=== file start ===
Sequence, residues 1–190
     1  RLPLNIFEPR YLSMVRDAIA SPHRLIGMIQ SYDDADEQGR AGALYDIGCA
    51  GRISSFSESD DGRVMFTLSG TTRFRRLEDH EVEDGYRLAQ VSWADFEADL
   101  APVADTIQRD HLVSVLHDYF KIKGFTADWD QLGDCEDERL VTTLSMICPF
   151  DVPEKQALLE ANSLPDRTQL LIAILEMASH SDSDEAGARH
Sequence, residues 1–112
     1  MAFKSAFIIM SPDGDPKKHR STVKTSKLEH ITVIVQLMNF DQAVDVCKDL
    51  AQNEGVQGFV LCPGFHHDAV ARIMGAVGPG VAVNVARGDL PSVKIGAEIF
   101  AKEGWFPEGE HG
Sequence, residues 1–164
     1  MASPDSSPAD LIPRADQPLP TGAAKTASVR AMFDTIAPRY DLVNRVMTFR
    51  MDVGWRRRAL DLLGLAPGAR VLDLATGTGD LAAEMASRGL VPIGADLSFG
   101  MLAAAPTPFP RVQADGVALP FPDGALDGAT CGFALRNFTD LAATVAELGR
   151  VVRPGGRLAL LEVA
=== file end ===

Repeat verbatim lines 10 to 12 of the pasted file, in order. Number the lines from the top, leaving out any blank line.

Sequence, residues 1–164
     1  MASPDSSPAD LIPRADQPLP TGAAKTASVR AMFDTIAPRY DLVNRVMTFR
    51  MDVGWRRRAL DLLGLAPGAR VLDLATGTGD LAAEMASRGL VPIGADLSFG